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COVID-19 exacerbates the mental health crisis

Published on 19.8.2020
Tampere University
Camilla Lindholm/ Kuva: Jonne Renvall“The less resources there are to treat mental health patients, the more difficult it will become to treat them,” says Professor Camilla Lindholm.
The COVID-19 pandemic has posed a challenge to mental health practices and worsened an already difficult situation.

“We had a mental health crisis already before COVID-19, but the pandemic has made the situation, which was quite hard to begin with, even worse,” says Camilla Lindholm, professor of Nordic languages at Tampere University.

As the use of remote health services has increased because of COVID-19, the participation of especially mental health rehabilitants has become more challenging because they find interaction, the interpretation of cues, and reading situations difficult even in the usual circumstances. The COVID-19 restrictions are hard because face-to-face encounters are easier for mental health rehabilitants than remote services.

Lindholm is one of the editors of an international anthology called ‘Joint Decision Making in Mental Health’, which deals with decision-making in mental health rehabilitation.

The book is related to Lindholm’s research topics, which include interaction in medical practice, institutional interaction, and interaction related to mental health problems.

Resistance to care is a problem

A key theme in the new book is the care resistance of patients, which requires a lot from medical professionals.

“Now that access to treatment is difficult because of the coronavirus, and the responsibility for mental health problems lies heavily on relatives, persons who resist care cause further problems. We cannot demand that relatives are able to do what is difficult even for health care professionals,” Lindholm says.

People who resist care may see a doctor on their own, but they have a different opinion on their treatment or medication than the doctor. They are independent people who decide their own affairs and are not, for example, persons in involuntary care or taken into care.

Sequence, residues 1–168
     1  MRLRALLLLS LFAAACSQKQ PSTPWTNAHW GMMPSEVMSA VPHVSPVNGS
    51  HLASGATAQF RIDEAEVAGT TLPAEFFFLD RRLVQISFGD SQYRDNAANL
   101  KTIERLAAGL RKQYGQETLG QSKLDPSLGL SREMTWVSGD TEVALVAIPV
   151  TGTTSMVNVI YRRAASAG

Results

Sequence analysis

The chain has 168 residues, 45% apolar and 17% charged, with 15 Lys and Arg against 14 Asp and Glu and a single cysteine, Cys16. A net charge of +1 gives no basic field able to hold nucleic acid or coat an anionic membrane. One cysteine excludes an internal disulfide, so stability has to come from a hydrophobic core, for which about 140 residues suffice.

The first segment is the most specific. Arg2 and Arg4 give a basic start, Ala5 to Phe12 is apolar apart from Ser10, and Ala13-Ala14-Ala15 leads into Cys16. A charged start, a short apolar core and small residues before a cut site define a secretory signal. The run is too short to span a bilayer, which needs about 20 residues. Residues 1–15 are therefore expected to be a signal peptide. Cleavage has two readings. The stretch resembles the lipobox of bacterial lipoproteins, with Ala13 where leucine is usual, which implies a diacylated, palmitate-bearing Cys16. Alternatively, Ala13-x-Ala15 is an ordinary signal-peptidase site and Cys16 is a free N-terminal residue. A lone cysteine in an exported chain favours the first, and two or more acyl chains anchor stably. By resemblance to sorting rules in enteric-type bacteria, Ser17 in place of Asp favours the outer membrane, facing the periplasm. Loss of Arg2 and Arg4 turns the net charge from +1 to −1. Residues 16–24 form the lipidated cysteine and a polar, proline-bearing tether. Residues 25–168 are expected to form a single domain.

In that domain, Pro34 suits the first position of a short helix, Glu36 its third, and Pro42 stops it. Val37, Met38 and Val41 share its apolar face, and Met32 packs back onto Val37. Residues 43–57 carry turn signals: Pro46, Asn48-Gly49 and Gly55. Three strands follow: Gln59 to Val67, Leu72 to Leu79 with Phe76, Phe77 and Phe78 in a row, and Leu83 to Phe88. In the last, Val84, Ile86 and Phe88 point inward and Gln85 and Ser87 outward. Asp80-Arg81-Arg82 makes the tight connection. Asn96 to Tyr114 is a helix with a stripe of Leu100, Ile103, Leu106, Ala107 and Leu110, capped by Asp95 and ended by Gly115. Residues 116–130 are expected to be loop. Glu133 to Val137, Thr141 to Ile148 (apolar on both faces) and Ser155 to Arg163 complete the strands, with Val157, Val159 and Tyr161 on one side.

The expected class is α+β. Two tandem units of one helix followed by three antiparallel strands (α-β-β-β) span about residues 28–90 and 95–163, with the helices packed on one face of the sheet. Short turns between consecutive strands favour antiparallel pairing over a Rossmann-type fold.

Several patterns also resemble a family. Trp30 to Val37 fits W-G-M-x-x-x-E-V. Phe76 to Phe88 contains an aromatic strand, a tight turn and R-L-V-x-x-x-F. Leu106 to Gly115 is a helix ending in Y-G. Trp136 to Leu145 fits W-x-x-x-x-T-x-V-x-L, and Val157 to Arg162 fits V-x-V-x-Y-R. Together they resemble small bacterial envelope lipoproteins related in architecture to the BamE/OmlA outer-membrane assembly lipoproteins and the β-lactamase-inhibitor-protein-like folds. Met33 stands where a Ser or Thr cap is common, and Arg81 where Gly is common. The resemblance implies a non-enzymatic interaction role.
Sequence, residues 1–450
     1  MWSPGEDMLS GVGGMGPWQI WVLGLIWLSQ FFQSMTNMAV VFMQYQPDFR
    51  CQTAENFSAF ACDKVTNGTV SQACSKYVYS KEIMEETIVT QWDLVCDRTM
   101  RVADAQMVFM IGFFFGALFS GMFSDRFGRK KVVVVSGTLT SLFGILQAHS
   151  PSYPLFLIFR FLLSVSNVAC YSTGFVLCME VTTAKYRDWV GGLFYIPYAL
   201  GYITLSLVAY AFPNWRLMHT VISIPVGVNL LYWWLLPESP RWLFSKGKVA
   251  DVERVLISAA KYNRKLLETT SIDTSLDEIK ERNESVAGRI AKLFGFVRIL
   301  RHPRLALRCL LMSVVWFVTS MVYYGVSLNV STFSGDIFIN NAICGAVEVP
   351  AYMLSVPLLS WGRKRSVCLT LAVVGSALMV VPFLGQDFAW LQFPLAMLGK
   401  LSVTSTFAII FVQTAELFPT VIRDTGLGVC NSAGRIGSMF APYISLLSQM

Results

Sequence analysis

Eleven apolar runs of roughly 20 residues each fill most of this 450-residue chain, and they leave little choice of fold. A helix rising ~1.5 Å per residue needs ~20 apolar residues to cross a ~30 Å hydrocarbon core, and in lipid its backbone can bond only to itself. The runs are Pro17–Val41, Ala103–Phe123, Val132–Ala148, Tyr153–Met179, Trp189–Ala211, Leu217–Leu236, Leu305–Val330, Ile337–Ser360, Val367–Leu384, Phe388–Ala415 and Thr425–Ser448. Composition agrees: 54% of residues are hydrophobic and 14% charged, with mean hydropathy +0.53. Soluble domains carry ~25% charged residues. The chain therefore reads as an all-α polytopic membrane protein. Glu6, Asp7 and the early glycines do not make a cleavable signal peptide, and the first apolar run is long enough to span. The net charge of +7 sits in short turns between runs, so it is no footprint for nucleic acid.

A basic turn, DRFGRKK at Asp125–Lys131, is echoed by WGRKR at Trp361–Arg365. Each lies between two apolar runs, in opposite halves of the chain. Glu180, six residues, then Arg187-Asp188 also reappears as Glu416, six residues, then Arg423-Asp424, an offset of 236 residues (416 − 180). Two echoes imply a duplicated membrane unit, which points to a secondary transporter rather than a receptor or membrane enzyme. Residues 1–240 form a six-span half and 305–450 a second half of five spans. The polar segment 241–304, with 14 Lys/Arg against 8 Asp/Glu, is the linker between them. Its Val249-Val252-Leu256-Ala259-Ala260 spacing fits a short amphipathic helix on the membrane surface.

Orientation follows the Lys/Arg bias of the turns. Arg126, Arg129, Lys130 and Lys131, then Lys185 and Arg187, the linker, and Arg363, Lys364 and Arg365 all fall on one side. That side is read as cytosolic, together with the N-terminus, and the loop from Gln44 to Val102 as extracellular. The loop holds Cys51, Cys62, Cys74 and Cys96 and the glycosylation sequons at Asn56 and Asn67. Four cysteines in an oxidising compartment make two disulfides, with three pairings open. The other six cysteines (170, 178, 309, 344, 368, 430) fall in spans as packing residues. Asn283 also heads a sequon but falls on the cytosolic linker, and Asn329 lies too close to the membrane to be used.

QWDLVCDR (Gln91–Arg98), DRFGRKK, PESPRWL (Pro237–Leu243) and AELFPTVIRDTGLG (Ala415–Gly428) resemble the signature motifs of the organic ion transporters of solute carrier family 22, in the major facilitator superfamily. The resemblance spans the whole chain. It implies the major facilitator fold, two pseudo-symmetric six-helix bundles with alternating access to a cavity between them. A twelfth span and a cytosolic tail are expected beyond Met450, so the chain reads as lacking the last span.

Lindholm does not want to give an estimate of the number of persons who resist care but says that patients may increasingly have, for example, a strong idea of what kind of treatment they need from the internet, even before coming to an appointment. Negative experiences with previous treatments may also play a role.

Encountering patients takes time

The book examines, among other things, video-recorded discussions where a mental health patient and their doctor disagree on the treatment options.

“The situation proceeds via negotiation with the doctor first asking what makes the patient think that the prescribed medication is unsuitable. These are difficult situations for the professionals because they wish to give room to the patients’ experiences and listen to them. At the same time, as professionals, they must make decisions on what is best for the patient,” Lindholm explains.

Behind the problem Lindholm finds the age-old question that doctors should have enough time to see their patients.

“Negotiation takes time and space in order to create unanimity. If there are less resources in the mental health sector for such encounters, things will get difficult,” Lindholm points out.

The book also discusses the treatment ideologies behind mental health rehabilitation and how professionals respond to rehabilitants who suggest a variety of treatment options.

Coronavirus increased the need for easy-to-read language

The COVID-19 pandemic has shown that easy-to-read communication is more necessary than ever.

Last spring, the Language Studies Unit at Tampere University taught a course called ‘Expert Communication Toolbox’ led by University Lecturer Tytti Suojanen, an expert on technical communications.

The students did group work creating easy-to-read versions of Tampere University Hospital’s materials. The hospital gave the students texts that they thought would be most useful at the hospital.

Lindholm remembers especially instruction texts related to obstetrics and having babies, which needed plenty of work because many mothers do not speak Finnish as their native tongue. The complexity of the expressions and the length of the sentences proved to be problematic.

The course does not continue this autumn, but it might become part of the curriculum later. According to Lindholm, there continues to be a huge demand for such easy-to-read language projects.

Joint Decision Making in Mental Health. An Interactional Approach. Toim. Camilla Lindholm, Melisa Stevanovic, Elina Weiste. Palgrave Macmillan 2020.